PIVOTE – open source learning for virtual worlds

British firm Daden have been releasing virtual worlds products for a while now – we covered their in-world web browser last July. Their latest launch is an “open-source learning system or virtual worlds, the web and iPhone”. Its moniker is PIVOTE and it’s the result of a project called PREVIEW funded by the UK Government’s Joint Information Systems Committee (JISC). The project’s focus was problem-based learning in virtual worlds, and PIVOTE is the end-result. Paramedic training for St George’s, University of London was the initial focus that’s led to final product.

stgeorges-paramedic-500px

Essentially, Pivote is a web-based learning management system where detailed exercises can be formulated as fairly standard, text-driven scenarios with decision pathways, or as avatar driven exercises in Second Life or OpenSim (Daden states its platform can easily be adapted to other virtual worlds). The text-based options can also be utilised in-world via what is presumably Daden’s in-world browser. St George’s have a sim in Second Life (click here to see for yourself) that is publicly accessible.

St George’s Senior Lecturer in Paramedic Science, Alan Rice said “This programme provides the students with a fun learning environment, where they can afford to make mistakes online, which they could not afford to make in the real world. When they make a mistake online, they are always keen not to make the same mistake again.” A paramedic student at St George’s, Fiona Cropp, was happy with the virtual training process – “It’s a really useful tool. It’s much better to be able to actually perform treatments rather than just talk about it. Everyone is online at the same time so you can bounce ideas off each other and make an informed decision. I had never used Second Life before, but I found it really easy to get on with.”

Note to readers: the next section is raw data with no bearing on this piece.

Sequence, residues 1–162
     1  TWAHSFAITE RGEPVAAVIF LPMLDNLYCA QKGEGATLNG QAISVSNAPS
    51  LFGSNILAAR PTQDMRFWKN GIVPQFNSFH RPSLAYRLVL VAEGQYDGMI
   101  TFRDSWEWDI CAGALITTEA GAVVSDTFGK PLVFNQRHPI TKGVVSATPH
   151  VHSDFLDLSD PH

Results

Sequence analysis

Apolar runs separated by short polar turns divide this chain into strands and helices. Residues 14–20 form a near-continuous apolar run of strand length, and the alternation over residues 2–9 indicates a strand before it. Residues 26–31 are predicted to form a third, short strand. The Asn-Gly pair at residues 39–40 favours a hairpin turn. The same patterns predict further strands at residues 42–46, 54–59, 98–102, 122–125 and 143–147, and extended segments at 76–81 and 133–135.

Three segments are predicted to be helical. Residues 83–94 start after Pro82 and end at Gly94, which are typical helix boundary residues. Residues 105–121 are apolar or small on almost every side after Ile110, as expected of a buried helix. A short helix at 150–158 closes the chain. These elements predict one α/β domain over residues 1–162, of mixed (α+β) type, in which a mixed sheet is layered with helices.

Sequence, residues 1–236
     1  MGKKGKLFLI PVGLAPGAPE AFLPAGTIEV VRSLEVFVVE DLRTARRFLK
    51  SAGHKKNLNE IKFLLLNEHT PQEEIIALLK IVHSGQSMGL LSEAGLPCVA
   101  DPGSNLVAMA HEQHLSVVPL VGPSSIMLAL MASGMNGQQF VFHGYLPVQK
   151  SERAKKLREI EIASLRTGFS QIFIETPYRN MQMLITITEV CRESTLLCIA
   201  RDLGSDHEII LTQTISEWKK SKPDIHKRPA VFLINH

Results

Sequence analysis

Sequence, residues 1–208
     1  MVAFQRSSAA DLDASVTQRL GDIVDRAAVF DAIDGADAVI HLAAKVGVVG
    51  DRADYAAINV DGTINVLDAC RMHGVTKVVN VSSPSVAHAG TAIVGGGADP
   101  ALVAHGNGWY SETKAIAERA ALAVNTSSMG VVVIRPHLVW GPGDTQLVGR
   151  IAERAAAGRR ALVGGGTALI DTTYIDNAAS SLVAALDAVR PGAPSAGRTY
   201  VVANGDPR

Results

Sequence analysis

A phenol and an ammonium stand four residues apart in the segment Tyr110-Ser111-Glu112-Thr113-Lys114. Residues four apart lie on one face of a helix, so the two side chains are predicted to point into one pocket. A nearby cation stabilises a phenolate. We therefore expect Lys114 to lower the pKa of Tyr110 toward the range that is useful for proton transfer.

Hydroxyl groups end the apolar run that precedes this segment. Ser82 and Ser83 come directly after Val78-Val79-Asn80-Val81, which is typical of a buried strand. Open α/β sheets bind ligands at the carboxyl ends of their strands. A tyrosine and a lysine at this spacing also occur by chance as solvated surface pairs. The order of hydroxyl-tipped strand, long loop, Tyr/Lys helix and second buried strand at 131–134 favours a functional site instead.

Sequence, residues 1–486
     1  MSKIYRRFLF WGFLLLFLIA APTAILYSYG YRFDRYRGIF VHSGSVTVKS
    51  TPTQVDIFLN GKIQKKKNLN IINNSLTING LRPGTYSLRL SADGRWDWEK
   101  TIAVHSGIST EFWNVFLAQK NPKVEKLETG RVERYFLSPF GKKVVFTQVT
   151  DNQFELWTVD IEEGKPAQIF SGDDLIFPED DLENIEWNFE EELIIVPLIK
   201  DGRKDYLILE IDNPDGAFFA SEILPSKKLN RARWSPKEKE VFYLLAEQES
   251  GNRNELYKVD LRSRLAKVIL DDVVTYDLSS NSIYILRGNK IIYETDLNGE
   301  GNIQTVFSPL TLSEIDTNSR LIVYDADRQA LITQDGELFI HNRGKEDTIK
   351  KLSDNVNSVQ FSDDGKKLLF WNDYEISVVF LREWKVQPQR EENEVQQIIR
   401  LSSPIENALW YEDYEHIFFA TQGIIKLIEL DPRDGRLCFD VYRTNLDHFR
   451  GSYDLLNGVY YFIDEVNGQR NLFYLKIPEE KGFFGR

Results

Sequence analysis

A useful overview of the paramedic training scenario can be viewed here:

Pivote isn’t the first integrated training solution using virtual worlds, but it’s certainly progressed things considerably. The challenge for any platform is convincing key management that scarce health dollars should be sunk into virtual worlds-based training. Health professionals and academics are perfectly positioned to demonstrate just that, and there’s no shortage of evidence of the cost benefits of effectively trained clinicians. Anything that increases the confidence of new practitioners in the breadth of the clinical decision-making in a cost-effective way, will surely gain some traction in what is usually a very conservative space.

Anyone wanting to install PIVOTE for themselves can do so for free by installing it on their own servers or paying Daden to host it for them. The full instructions can be found by browsing the ‘Getting Started’ section of the PIVOTE website.

Trackbacks

  1. […] (This story also appears over on The Metaverse Journal) […]

Your comments

This site uses Akismet to reduce spam. Learn how your comment data is processed.

Previous Posts